It appears that more IT projects than ever are being built on a foundation of wishful thinking. A survey of 650 IT decision makers published this week by MuleSoft, a provider of an application programming interface (API) management platform, discovers that two-thirds of IT decision makers admit to being unable to deliver all projects asked of them last year.
To make matters even more challenging, the number of projects on average has grown 27 percent at a time when the overall IT budget continues to remain static, the report finds.
More troubling still, the respondents say collectively four out of five businesses (81 percent) are expected to see a negative impact on revenue in the next 12 months if they fail to complete digital transformation initiatives. Not surprisingly, the report suggests that IT organizations are not likely to accomplish that goal because of the integration challenges faced. Organizations on average are employing 1,020 applications across their business. But on average, only 29 percent of these applications are currently integrated or connected to another application.
New survey from MuleSoft discovers that two-thirds of IT decision makers admit to being unable to deliver all projects asked of them
The report goes on to suggest that when it comes to application development many IT organizations are not especially well suited to the task. A full 93 percent of respondents admit that their application development process could be more efficient. In addition, just a third of internal IT software assets and components are available for developers to reuse. In fact, 83 percent admit their organization does not always reuse software assets when it comes to developing new products and services.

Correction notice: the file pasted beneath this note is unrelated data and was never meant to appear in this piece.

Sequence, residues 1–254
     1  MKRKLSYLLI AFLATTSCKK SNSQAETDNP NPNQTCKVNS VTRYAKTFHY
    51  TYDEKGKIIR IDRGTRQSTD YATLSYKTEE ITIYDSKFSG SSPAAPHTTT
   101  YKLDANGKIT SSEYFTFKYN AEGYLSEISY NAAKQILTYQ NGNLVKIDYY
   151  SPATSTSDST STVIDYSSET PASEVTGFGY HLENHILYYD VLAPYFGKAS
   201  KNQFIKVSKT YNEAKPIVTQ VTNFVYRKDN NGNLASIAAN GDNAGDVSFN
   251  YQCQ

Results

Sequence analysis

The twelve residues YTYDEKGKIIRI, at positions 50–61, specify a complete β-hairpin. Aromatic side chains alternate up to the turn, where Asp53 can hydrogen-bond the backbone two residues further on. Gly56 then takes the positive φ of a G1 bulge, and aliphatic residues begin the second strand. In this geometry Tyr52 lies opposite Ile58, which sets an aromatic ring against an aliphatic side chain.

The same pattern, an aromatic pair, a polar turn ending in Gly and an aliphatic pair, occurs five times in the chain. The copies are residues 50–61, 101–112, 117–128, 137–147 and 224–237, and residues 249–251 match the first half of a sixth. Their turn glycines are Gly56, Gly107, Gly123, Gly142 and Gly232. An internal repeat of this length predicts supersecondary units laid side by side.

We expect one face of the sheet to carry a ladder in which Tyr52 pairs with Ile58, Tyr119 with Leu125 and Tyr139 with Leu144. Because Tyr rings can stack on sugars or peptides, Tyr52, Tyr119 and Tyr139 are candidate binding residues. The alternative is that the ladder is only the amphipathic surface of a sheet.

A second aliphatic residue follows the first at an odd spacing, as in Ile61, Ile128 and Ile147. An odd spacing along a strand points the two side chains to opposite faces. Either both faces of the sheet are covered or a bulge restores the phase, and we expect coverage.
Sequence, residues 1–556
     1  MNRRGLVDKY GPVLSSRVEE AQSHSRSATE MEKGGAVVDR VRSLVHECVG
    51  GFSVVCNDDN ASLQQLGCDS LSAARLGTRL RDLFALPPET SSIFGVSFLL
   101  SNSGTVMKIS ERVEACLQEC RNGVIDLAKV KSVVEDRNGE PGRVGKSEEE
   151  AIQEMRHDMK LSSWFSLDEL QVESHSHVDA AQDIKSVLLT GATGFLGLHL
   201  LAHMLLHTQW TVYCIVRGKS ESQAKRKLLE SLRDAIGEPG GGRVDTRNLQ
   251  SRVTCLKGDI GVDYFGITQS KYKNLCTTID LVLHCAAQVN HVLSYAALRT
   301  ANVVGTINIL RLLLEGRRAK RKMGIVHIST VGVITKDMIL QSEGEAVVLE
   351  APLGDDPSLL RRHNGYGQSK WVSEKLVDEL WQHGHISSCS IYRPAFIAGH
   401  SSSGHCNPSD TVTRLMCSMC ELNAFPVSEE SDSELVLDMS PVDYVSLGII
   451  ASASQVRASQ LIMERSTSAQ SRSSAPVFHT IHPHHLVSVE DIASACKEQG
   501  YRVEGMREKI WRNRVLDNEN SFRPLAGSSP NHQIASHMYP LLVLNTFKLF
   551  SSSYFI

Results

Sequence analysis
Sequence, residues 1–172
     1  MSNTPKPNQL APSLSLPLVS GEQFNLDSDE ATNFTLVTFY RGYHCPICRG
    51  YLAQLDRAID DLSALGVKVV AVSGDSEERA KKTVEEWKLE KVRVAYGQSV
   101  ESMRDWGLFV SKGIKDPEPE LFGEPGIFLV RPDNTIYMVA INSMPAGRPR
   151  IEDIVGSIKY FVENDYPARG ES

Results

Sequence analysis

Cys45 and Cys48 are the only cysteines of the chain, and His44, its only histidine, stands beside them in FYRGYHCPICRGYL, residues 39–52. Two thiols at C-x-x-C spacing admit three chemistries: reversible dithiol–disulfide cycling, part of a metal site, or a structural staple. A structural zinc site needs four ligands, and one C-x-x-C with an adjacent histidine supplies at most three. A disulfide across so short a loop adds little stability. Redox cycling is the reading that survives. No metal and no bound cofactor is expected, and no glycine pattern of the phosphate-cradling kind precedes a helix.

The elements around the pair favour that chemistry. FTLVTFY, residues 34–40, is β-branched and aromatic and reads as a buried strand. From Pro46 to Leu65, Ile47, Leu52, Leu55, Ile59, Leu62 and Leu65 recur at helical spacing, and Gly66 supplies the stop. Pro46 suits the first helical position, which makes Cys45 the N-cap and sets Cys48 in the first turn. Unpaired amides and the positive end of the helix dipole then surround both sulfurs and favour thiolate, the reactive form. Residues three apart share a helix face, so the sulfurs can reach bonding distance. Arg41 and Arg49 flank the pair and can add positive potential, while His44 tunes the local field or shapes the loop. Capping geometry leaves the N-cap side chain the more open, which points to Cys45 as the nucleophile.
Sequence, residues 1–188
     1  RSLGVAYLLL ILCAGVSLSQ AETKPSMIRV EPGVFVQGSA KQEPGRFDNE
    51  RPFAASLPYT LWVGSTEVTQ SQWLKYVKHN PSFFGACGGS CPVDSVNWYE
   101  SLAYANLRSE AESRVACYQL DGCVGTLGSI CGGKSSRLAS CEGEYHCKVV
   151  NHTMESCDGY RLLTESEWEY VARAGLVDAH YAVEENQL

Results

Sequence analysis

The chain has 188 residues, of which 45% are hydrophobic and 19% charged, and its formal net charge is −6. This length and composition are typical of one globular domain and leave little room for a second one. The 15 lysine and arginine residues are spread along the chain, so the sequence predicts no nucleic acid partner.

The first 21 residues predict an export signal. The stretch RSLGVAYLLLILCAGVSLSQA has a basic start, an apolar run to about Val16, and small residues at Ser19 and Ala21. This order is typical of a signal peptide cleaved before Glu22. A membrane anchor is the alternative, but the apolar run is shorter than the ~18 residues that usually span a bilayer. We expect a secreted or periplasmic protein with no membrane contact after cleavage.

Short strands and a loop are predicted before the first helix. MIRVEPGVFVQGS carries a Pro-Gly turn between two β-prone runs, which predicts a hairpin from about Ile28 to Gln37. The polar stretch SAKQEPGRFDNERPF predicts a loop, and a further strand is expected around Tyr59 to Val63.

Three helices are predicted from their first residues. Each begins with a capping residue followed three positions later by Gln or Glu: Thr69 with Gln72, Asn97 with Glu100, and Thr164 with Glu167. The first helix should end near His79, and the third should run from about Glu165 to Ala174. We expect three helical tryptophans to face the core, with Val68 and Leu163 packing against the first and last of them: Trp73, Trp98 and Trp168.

How this impacts MSPs
From a managed service provider (MSP) perspective the report makes it clear most IT organizations are simply too challenged keeping existing IT running to focus on innovation. Nearly two-thirds (63 percent) spend most of their time on “running the business” versus focusing on innovation and development projects. Given the pressure IT leaders are under to deliver on new projects, it’s clear they are going to be more open to a conversation concerning how MSPs can more cost-effectively offload a wide variety of IT tasks.
IT organizations have always been under pressure to deliver. But as the awareness of the need to become a truly digital business has increased the pressure on IT organizations has been compounded. Business executives often engage in fanciful notions without thinking through the details. The result is a lot of corporate missives that put IT organizations between a rock and a hard place. They are expected to enable the business to transform, while simultaneously reducing overall costs. The percentage of IT leaders that can pull off that trick without relying more on external service providers for help is tiny.
MSPs might want to start taking those IT leaders out for a meal to commiserate. Truth is most of them feel isolated. Most of the people they report to don’t really understand the intricacies of IT. It’s often difficult for IT leaders to find someone to bounce ideas off that has the appropriate level of IT experience. MSPs that have worked with multiple organizations have a wealth of experience that savvy IT leaders will find invaluable. The challenge for MSPs is finding a way to show those IT leaders they do indeed feel their pain.
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